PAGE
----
However, even with me being a PT/runner, I have noticed that a runner, especially a marathoner, or worse, an ultramarathoner, will do nearly anything to keep on the road or the trail. At least I can empathize with this athlete. The problem is that most healthcare providers do not understand (much less empathize with) these athletes and the runner does not understand the clinician. Can you imagine the delemma the non-running doctor or therapist is put in when the ultrarunner comes in seeking care and advice for an injury that occurred at mile 87 of a 100-mile event? Most of the time the answer is “Do not do that again”. The clinician will fail to recognize, specifically for ultra-endurance athletes, that the mental fortitude and commitment to their sports is immense. On the other hand, if a runner can feel the clinician is really listening, and at least trying to understand, then the process can progress much smoother. The practitioner must understand the sport in order to treat it fairly. If I, as a PT/runner, tell this runner not to run, I want him to believe I mean's more than a suggestion.

There are many injuries, aches, niggles, and knacks that you can run through, but there are many levels of running (speed, hills, level, short, long, and so on) and it helps to have a health professional who understands the limits a long distance athlete will adhere to. An endurance athlete cannot make that decision rationally by themselves, and will usually push too hard or too far (guilty in the first degree!).

When you make a decision to see a healthcare person, all you can ask for is someone that will listen to your goals, your complaints, but mostly understand your "want-to's". I don't have an answer how you stumble across this pearl of a medical person, but I find the most time proven way is to ask around. There is nothing more glowing or more damning than the old word of mouth. Same with buying running shoes, getting your oil changed, or who serves the best lasagna in town. So, you ask your fellow runners where they got proper care - not necessarily if the doc had a magic pearl, but rather, did they empathize with your inabilities to do the "want-to's" and one that did things that actually appeared to reflect a thought process with a goal to get you back to that precarious balance act between running healthy and injuring yourself again.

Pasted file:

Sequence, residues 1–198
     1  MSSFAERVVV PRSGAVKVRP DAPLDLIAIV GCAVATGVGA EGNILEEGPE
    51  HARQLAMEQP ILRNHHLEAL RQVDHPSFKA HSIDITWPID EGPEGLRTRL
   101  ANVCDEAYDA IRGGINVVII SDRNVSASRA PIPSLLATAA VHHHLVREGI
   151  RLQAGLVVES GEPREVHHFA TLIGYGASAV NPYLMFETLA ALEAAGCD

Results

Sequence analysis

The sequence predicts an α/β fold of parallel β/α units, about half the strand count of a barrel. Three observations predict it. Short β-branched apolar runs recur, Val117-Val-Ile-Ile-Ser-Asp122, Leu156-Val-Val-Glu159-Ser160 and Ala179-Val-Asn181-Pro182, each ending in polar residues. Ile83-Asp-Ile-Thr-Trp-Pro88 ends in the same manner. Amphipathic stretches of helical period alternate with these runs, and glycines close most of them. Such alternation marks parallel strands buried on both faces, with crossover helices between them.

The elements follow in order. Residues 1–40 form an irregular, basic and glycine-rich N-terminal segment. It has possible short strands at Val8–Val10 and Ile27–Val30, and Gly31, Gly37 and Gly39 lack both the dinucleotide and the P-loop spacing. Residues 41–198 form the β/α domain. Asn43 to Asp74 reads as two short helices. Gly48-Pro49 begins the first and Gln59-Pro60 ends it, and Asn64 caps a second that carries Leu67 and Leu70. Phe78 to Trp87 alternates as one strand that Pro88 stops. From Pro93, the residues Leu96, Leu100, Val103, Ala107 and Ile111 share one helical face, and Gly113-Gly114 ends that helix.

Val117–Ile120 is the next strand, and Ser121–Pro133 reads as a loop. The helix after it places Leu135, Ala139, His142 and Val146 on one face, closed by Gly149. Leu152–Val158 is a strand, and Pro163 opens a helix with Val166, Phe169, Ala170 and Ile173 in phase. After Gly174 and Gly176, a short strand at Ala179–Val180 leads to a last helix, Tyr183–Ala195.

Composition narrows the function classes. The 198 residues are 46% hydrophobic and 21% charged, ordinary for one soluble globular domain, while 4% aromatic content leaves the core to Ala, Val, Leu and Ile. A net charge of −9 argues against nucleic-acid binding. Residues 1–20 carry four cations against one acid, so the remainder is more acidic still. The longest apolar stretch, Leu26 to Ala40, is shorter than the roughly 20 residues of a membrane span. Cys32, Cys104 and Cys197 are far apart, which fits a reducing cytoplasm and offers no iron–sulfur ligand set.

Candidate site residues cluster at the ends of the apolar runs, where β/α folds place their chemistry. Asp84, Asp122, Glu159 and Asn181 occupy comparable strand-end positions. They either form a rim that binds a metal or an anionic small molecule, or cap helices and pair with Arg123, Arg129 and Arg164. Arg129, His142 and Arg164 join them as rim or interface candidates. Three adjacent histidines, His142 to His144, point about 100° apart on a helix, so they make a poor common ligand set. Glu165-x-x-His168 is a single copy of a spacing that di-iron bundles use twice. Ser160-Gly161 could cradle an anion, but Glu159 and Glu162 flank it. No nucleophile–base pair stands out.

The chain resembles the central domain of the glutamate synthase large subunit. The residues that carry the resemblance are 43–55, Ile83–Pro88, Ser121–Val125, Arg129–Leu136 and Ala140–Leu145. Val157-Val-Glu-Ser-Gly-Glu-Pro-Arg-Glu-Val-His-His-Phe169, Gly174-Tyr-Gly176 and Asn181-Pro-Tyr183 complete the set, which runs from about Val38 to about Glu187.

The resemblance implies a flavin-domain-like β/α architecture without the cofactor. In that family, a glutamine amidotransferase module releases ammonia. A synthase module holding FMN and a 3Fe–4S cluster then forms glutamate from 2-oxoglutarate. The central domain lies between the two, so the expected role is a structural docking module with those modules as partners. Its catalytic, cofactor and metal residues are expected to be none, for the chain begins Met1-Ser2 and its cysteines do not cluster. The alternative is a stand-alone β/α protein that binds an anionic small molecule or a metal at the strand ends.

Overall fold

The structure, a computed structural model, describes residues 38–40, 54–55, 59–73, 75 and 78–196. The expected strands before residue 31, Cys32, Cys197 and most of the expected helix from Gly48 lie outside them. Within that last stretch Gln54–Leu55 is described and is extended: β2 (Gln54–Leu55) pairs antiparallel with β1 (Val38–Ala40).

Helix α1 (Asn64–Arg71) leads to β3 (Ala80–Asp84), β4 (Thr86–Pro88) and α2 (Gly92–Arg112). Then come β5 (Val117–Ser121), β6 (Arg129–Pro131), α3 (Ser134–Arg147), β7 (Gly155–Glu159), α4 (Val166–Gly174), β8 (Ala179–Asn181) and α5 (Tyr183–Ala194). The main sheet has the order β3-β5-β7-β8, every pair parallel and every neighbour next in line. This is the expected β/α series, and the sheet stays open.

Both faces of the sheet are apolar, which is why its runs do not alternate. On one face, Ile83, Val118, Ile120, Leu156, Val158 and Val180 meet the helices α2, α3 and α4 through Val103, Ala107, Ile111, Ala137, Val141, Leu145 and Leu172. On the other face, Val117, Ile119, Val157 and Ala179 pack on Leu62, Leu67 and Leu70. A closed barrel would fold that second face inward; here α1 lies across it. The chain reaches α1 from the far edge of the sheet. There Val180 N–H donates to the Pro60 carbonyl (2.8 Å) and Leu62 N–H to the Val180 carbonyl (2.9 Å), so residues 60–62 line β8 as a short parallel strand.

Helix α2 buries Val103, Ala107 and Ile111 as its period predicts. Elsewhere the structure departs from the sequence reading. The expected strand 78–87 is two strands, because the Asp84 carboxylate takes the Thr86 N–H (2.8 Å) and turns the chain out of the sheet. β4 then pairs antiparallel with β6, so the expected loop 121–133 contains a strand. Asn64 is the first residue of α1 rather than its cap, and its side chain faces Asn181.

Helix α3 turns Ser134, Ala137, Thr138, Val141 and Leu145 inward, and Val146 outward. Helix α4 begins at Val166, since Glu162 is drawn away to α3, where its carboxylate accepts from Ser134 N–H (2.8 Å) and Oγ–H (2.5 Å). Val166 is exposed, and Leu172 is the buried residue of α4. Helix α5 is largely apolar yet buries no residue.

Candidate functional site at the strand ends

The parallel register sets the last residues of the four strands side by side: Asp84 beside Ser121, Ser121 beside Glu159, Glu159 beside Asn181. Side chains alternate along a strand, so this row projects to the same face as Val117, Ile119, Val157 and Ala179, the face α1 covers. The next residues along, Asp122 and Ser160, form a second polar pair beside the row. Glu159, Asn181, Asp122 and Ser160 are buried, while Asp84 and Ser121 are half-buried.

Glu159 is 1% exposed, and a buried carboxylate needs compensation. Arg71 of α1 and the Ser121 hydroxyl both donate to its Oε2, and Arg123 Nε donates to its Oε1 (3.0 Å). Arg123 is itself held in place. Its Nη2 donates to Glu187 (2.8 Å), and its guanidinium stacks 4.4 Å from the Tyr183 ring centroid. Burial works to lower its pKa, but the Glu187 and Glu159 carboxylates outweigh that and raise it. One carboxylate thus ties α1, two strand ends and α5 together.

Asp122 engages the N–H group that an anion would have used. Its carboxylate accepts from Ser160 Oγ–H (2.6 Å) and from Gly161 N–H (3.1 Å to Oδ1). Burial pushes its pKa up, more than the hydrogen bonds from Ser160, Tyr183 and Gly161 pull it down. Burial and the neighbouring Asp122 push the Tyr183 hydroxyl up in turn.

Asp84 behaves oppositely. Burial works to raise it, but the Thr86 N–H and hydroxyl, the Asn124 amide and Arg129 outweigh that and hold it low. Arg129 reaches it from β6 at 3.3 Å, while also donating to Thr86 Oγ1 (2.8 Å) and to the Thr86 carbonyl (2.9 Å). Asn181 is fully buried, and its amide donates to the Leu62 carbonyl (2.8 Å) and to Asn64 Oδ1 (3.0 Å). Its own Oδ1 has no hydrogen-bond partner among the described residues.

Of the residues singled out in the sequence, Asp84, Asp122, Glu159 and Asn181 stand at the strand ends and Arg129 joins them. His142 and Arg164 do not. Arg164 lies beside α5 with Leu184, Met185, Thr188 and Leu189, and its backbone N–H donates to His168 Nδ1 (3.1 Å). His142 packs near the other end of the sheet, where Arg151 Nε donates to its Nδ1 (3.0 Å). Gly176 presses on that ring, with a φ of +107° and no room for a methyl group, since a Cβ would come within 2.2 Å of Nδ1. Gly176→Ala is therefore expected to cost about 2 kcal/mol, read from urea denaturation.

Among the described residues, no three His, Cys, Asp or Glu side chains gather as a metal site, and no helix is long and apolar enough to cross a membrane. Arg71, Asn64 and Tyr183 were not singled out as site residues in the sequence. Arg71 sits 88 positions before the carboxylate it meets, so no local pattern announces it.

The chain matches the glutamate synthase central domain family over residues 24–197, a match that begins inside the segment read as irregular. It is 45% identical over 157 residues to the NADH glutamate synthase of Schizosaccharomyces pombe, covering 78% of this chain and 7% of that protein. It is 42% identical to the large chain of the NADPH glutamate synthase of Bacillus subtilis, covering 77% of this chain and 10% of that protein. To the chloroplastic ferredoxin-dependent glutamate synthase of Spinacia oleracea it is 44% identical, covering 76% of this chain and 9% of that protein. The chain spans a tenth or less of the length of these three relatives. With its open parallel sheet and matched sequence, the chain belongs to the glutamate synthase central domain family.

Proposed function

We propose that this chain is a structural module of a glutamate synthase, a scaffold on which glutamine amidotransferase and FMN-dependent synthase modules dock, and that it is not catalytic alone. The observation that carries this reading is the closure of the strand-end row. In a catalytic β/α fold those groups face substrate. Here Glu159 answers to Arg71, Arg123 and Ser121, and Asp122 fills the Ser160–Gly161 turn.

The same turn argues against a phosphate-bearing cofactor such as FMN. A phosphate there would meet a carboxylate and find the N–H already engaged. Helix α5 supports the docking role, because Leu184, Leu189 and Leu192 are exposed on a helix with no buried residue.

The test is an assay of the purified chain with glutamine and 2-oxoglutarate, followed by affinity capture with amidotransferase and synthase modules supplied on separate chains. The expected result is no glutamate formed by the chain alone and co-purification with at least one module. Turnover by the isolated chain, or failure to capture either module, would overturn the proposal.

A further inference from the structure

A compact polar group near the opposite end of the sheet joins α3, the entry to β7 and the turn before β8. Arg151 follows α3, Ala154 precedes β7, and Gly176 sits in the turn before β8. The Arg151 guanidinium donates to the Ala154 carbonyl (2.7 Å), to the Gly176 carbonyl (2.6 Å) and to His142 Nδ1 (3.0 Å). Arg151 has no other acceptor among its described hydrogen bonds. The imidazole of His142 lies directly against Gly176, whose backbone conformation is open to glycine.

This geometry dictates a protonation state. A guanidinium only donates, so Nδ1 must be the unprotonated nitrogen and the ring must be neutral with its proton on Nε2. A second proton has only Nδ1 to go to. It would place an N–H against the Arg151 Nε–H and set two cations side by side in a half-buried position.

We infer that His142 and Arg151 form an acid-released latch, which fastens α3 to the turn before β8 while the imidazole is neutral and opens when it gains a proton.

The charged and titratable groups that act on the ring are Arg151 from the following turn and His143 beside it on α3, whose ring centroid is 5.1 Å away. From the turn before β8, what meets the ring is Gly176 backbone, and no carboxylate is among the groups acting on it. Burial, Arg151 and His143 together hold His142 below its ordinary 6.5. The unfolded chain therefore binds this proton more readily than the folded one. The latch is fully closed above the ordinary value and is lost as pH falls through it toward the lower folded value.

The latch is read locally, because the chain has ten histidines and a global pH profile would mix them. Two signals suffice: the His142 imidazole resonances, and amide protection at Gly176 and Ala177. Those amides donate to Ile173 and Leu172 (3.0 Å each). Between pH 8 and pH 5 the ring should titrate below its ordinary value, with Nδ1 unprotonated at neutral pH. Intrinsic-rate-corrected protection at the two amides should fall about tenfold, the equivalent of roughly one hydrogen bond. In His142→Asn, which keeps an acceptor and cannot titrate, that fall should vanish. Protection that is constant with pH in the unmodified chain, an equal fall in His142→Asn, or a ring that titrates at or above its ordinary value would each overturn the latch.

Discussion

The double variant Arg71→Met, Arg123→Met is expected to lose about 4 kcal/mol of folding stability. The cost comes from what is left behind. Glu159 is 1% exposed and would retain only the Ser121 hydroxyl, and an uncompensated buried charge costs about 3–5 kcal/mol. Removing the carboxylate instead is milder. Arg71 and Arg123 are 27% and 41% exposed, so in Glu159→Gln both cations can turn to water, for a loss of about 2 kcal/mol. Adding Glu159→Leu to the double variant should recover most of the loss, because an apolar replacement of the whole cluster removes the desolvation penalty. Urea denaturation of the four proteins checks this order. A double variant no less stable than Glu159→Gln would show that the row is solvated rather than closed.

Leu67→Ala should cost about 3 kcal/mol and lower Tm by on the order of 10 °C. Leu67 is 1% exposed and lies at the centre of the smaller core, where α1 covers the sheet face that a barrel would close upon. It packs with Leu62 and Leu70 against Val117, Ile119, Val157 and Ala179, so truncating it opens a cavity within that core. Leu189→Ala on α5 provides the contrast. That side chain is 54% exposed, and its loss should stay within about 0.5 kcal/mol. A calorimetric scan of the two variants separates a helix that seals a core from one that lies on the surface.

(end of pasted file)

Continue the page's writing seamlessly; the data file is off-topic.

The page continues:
There are many docs, PT's, chiropactors, massage therapists, etc, that are runners (or participants of a similar sport) and will empathize with you. They will give you care with the understanding of an athlete. They understand what the small goals are that will lead to your BIG goal. All you want is this understanding along with their expertise. I won't make any recommendations here, but I am one of those folks you can ask for a recommendation as we run down the trail. As a long-distance runner for 30+ years, and a PT for 40+ years, you can say I've been around the block. Don't misunderstand me, there are many,many good health professionals that will give you great care and have never run a step, swam a lap, or cycled a single crank revoloution. It's difficult to trust someone with your health, and being an athlete should NOT be the main criteria for your choice of the guy who's going to get you back chugging happily. But to get you back on the road, or trail, go with one that understands why you do what you do. At least you won't have to answer the question "Why do you run so far?".

I'll see you all on the healthy roads - AL

"One child lost is too child saved can change the world"